So, feeling all positive about my stay-at-home-dad status, I was happy to discover that today – June 1st 2013, is now a worldwide celebration day of parents. So, Happy International Parents’ Day to all readers who are parents, or have parents!

So, before you start the cynical criticisms about this being another exploitative celebration from card-makers around the world – you’re wrong – this is actually a UN resolution (66/292 to be more precise) to recognise the role of parenting! Yes, the United Nations reckons we need to universally look at the positive role parents play in society. After all, would there be much of a society if there were no parents? Actually, who would provide a new generation of leaders to sit around the UN table, if parents were not here?

So, looking at it this way; us parents are very important people and therefore we should be celebrated. I know some of you are asking, do we really need a celebration day for parents? Sure we already have a Mothers’ Day and a Fathers’ Day? Why is this new parents’ day slotted in between these existing parental dates? Has the UN just placed parenting between the celebrated mothers and fathers of this planet?

This inaugural celebration day of parents is hopefully to show how “families built on the recognition of equality between women and men will contribute to more stable and productive societies.” Well, chronologically at least, the United Nations have certainly placed the day between women and men. As to how the ‘more stable and productive society’ will pan out after celebrating International Parents’ Day is probably based on the notion that men, if they clean the house more, will reap the benefits of a more amorous partner. 😉 Not sure how true that is!? [Any comments on that Irish Parenting Bloggers?] And, I have to question how productive can a parent be while being a parent – I constantly feel everything I do is only half done.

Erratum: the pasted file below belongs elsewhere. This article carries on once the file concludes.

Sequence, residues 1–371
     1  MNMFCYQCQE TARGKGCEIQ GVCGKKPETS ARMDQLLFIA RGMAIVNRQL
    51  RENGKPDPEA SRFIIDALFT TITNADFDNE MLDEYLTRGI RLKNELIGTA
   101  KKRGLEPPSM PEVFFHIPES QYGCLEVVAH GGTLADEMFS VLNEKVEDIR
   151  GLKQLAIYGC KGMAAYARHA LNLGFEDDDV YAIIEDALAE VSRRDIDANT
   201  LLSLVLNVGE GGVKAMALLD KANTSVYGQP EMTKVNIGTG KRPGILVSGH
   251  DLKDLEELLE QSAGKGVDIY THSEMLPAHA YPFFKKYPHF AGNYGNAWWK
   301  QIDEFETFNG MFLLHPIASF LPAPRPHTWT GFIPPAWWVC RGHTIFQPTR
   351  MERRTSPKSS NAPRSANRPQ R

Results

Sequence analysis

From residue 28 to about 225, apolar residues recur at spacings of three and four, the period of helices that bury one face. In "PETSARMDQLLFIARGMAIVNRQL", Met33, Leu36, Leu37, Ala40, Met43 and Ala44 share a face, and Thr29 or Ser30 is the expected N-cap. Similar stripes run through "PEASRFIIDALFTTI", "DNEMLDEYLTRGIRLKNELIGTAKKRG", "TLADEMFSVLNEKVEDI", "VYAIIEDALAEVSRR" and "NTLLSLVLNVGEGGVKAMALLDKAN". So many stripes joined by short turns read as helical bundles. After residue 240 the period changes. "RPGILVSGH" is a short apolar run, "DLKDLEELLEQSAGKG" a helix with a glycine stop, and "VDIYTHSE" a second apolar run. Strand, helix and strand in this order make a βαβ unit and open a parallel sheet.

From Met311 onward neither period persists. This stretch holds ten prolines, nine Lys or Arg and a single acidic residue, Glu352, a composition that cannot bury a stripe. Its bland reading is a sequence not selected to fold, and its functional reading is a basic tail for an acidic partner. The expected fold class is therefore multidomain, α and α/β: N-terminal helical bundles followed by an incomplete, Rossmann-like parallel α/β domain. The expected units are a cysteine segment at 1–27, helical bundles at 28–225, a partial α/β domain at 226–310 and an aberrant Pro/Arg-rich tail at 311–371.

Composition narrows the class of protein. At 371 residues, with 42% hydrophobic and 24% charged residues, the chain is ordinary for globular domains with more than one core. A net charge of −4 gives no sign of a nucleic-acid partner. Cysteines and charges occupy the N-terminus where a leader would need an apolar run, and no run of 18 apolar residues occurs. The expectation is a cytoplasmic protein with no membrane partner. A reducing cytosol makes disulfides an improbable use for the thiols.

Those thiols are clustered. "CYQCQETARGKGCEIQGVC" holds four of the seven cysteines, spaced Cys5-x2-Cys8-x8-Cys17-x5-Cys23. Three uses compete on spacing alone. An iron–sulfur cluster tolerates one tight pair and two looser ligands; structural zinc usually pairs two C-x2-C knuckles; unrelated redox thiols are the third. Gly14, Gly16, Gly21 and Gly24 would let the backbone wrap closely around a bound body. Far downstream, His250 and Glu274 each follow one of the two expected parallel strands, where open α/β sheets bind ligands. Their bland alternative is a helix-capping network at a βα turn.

But the UN don’t seem to have the half done scenario at all. Along with the three celebration days mentioned above, there’s even an International Day of Families observed on the 15th May every year. Did you know that? It was celebrated only a few weeks ago. I can’t remember it, but it supposedly ‘provides an opportunity to promote awareness of issues relating to families and to increase knowledge of the social, economic and demographic processes affecting families.’ Again, I think they’re trying to point out how parents rarely get out, money seems to evaporate and the sense of crowded isolation hits several times a week. Fair play to them for this recognition.

So, looking at the work of the UN in recognising Mothers, Fathers, Families, and now Parents; you’re wondering if they have left anyone out? Well the answer is No, because on November 20th each year we can celebrate worldwide fraternity and understanding between children, and their welfare, with Universal Children’s Day. And then there’s the people who are neither parents or children, and who might feel aggrieved by only getting an single day of recognition with International Day of Families, so the UN provides International Women’s Day on the 8th March, and then there’s International Men’s Day on 19th November each year

So all in all, there are a few days throughout the year that are universally recognising our great contribution to society, no matter how old you are in the family! So, if you are a young child reading this today, remember to treat your parent well this Bank Holiday weekend. No whining, fighting, screaming or shouting at us. Like our summer, it may only come once a year, but its still real.

Peter McKee ‘The Meaning of Life’ available here